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Family Circus movie (facepalm)

Discussion in 'General Discussion' started by Drtooth, Oct 19, 2012.

  1. minor muppetz

    minor muppetz Well-Known Member

    I haven't really noticed much Garfield merchandise in the last year (only books and DVDs). I haven't neccessarily been looking for Garfield merchandise, but if the strip was over-licensed I should have seen a lot of stuff without looking for it.

    When I read about Bill Watterson's lack of interest in merchandising I wondered, "what about the various book collections?" I guess that's different or he doesn't have controll over how the strip is released (then again, he did write liner notes in the 10th anniversary collection, and some of the big color Calvin and Hobbes books had original material). I've also read that there were a few official Cavin and Hobbes products early on, I think one was an educational book or something. Having said that, it's a shame he wouldn't at least license the characters onto school supplies.

    I must also say, in the 10th anniversary book, Watterson says that licensing the characters would affect the "innocence of a six-year-old boy". And I think, what innocense? He has a distructive imagination, he often complains and causes trouble for authority... Not exactly innocent.

    Also, I find it ironic that the tenth anniversary book came out so soon to when the strip ended. I don't think Watterson even mentioned any plans to end the strip in that book.

    Hmm, I don't really want the thread to go off-topic from its original topic. Are there any existing threads on this forum about Calvin and Hobbes?

    Speaking of artists licensing their characters, I wonder, and I might not be able to get an answer here, how much does the average successful comic strip artist make a year without the extra cash from merchandise sales? And have there ever been any Family Circus toys?
  2. D'Snowth

    D'Snowth Well-Known Member

    It's almost similar to how Jim felt about merchandising; we all know he was initially reluctant to license his characters for merchandising, but he knew that at the same time, having proceeds and kickbacks from sales and such would help maintain and finance the company... now, that's probably not quite the same case when it comes to doing comic strips, but in some cases, merchandising is a necessary evil.

    Of course, believe it or not, back in the old days, there were actually practices and standards that prohibited such merchandising, especially as far as kids are concerned... y'know, because even back then, parents thought advertising products to kids was evil.
  3. Drtooth

    Drtooth Well-Known Member

    Garfield's heyday was the 80's and 90's, where there was a LOT of merchandising. I actually have some old Garfield stuff that had his early 80's appearance. Somehow, I haven't really seen any Garfield stuff since those awful movies (not the DTV ones). Except Jim Davis let them license a comic book for the first time in Garfield's 34 year history, under the stipulation that Mark Evanier writes it. And quite honestly, as I said before, he does a better job with Garfield than Davis does. The only other Garfield merchandise I know of is T-shirt and prints on the Garfield website.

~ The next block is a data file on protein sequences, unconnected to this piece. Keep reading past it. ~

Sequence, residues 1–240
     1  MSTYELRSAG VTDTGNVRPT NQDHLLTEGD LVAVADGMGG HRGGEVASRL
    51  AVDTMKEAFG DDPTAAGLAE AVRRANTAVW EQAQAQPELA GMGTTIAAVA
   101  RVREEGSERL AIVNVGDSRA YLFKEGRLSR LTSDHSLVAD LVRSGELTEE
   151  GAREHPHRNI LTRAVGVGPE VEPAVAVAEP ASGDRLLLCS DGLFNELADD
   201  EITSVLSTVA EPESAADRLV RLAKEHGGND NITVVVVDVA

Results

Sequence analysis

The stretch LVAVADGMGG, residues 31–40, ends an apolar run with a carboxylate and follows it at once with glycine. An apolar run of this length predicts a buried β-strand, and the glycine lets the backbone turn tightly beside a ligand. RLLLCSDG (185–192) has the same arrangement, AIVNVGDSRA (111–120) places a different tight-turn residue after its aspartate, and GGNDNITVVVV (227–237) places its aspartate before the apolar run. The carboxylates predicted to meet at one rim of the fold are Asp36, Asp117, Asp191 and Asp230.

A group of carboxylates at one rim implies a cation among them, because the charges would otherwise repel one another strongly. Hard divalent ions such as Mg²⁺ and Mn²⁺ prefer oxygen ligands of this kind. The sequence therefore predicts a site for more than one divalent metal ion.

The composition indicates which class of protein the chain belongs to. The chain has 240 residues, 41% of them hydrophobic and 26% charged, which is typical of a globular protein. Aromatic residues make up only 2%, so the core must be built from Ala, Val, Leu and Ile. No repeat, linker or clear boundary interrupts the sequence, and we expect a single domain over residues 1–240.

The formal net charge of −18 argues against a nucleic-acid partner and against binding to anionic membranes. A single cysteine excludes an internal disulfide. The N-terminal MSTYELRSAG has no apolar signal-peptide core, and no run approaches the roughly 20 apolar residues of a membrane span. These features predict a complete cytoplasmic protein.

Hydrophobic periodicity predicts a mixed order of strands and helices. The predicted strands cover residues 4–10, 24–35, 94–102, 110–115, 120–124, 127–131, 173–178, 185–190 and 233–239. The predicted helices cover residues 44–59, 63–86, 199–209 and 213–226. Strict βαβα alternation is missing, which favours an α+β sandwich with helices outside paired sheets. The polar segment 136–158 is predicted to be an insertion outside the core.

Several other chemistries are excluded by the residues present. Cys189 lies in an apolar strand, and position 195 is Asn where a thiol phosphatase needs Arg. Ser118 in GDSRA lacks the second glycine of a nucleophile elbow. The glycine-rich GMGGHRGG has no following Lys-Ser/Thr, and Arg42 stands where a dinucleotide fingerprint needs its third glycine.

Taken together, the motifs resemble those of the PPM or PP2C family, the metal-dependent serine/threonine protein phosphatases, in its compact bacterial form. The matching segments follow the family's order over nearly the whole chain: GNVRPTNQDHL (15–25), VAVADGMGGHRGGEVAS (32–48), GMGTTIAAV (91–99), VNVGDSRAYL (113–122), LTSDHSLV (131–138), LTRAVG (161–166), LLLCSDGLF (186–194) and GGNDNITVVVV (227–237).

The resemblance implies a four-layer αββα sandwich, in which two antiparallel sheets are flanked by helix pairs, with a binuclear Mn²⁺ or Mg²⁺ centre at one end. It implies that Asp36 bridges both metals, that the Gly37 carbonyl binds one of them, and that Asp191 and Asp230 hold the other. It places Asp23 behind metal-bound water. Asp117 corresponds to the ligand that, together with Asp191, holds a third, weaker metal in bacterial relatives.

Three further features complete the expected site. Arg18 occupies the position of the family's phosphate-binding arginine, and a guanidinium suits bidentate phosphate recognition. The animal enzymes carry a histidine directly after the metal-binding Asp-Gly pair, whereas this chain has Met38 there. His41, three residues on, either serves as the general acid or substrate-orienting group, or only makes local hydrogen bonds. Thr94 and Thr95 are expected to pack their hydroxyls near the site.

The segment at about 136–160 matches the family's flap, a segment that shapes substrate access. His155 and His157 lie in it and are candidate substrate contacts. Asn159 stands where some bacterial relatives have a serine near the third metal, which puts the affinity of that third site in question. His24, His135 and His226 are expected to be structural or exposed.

Now, Peanuts I see an abundance of merchandising everywhere I look. Not just perennial stuff. It's not that I haven't seen Peanuts stuff before, but it really seems like there's been a Renaissance of Peanuts products.
  4. minor muppetz

    minor muppetz Well-Known Member

    I haven't really noticed there being more Peanuts merchandise than there had been in the past decade, though I do notice the Peanuts merchandise.
  5. D'Snowth

    D'Snowth Well-Known Member

    Peanuts merchandise seems almost exclusive to Hallmark... I mean, I usually can't walk into a Hallmark store without seeing Snoopy plushies of varying sizes, in addition to things like snow globes, Christmas tree ornaments, keepsake items, among other things.
  6. robodog

    robodog Active Member

    The only time I seem to see Peanuts merchandise is around Christmas time. CVS usually has tons of Peanuts stuff from November through December.
  7. D'Snowth

    D'Snowth Well-Known Member

    I think, in that sense, Peanuts have become victims of Christmas, in that sometimes, something has a project associated with Christmas that's so successful, that soon, the rest of that franchise itself is associated almost exclusively with Christmas.

    Dr. Seuss could be another example: How the Grinch Stole Christmas is probably his most well-known and popular book and special (you would think The Cat in the Hat), and because of that, the only time of year you get to see any of the other animated specials is on ABC Family during their annual 25 Days of Christmas celebration, even though the others aren't Christmas specials.
  8. Drtooth

    Drtooth Well-Known Member

    There's a LOT more t-shirts and kids books and the like than usual. The T-shirts are basically current slang and an "every day I'm, Shuffling." Not to mention the first licensed comic book since the Whitman/Gold Key era. I'm sure when that movie rolls around, we'll see more. it's not really a huge come back, just a pretty sizable uptick.
  9. mimitchi33

    mimitchi33 Active Member

    I'd really like to see this movie, it sounds interesting.
    I'd like that to happen, too!

    Also, another comic strip that got an animated adaption was Marvin, that comic strip made for mothers, but it was a TV special.


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